The implications of this analysis for scholars who study these political phenomena in democracies are three-fold. First, despite vast differences in political structures and economic circumstances between Western nations, there are a surprising number of important similarities across these various populist political movements.

          Second, these similarities suggest that those conducting research on one such movement might well look to work in other countries for additional variables. For instance, the importance of relative deprivation for understanding Trump supporters offers a possible research approach that has been seldom employed in European work.

          Finally, the actual operation of the five social psychological variables and theories detailed in this paper need to be integrated within a broad political context. Political and social psychological approaches are mutually supportive – not antithetical. Future research must bring them together in multi-level models.

              • Thanks for thinking of me! (I thought I felt a sharp pain). 🙂

                I read the article up to a point. I offer some comments here. You know that I am duty-bound to do this . . .

                Maybe the greatest threat to our economy and way of life is the fact that so many people have agreed to abandon objective truth and embrace feelings and what they want to be real.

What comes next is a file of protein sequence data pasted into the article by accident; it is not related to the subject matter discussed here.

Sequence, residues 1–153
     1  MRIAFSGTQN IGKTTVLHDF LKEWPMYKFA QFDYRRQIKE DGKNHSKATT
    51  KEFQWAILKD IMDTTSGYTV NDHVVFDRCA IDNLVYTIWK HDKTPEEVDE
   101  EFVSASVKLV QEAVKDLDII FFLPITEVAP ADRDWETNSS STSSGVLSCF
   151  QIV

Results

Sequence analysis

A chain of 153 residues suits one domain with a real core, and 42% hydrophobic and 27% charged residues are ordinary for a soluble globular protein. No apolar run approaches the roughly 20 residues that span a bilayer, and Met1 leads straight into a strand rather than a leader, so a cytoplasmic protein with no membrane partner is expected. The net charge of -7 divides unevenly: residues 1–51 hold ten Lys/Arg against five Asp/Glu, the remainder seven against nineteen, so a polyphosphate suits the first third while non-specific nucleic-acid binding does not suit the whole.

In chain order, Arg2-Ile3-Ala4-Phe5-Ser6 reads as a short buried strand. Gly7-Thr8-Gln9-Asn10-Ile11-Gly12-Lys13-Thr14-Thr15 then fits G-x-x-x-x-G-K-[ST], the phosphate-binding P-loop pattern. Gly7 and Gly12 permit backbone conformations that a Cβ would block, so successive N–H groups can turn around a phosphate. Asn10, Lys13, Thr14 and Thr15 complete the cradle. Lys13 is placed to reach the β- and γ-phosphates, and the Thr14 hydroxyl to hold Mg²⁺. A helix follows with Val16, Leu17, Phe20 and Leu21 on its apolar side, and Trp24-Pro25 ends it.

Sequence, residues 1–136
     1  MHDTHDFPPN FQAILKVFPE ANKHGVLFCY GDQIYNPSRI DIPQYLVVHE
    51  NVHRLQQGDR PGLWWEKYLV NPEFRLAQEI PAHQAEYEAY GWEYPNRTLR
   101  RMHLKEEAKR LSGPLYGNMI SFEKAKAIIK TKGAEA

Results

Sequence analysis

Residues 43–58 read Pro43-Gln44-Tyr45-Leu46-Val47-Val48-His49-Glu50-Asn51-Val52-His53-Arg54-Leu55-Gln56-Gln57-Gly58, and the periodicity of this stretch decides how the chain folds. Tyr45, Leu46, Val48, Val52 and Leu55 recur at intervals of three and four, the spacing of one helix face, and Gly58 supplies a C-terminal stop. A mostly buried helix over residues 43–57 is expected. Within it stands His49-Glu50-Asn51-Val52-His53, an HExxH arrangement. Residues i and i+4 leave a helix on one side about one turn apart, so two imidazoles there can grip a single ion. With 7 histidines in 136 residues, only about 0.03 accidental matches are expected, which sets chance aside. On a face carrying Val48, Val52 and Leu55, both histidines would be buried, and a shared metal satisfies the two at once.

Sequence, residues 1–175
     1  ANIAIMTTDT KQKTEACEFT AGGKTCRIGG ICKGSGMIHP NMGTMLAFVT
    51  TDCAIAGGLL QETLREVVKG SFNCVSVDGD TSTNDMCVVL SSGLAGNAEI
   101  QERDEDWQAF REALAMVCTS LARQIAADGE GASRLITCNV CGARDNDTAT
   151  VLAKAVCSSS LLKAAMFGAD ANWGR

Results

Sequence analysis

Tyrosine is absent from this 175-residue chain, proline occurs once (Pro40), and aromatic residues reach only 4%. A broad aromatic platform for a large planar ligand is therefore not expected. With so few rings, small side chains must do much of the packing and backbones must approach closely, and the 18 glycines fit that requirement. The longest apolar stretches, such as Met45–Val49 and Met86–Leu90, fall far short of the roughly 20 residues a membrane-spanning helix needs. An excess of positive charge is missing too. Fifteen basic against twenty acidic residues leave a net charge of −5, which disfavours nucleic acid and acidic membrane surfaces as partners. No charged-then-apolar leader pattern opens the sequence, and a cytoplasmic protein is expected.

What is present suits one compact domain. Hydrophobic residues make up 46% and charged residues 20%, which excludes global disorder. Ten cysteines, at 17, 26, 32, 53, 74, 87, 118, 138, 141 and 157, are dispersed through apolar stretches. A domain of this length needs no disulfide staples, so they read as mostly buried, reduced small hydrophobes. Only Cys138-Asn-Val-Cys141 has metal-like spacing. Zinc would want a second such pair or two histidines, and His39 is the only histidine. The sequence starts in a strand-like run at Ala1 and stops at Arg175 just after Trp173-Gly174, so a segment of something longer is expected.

The man is an economic advisor and his purpose is to help people make the best and the soundest financial (investment) decisions. I am not sure if he is qualified as a philosopher to penetrate into the deep problems that rise up now in our present.

                I regard the above-quoted sentence as a *declaration*. It purports to have truth-value and he is purporting to have such a truth-perspective. I merely note that he is consciously or unconsciously asserting that he has such a position. And as you know I tend … ever-so-slightly! — to doubt.

                The greatest threat. Right there is the core of his assertion. But I would turn it into a series of questions. What are the greatest threats?

                Way of life. This is another laden statement. I am not saying I don’t understand the reference. But when the two are joined: threat and way-of-life I become suspicious. Does he really know the value of our way of life? How does he define it? And what is threatening this? Does he really know? Do you? Does anyone? These are questions

                We live in ‘contructed ideological systems’ whether we want to see it, or can see it, in an objective way. He purports to see objectively, but does he? Is he capable of seeing that we live in constructed ideological systems (that is, Americanism, etc.) and is he capable of analyzing them? I have my doubts. Why? Because ideological systems require commitments and they are the stuff upon which PC Ideas are built. Is he aware of his own?

                One of the great ironies of political correctness is that extreme tolerance lacking objectivity leads to intolerance.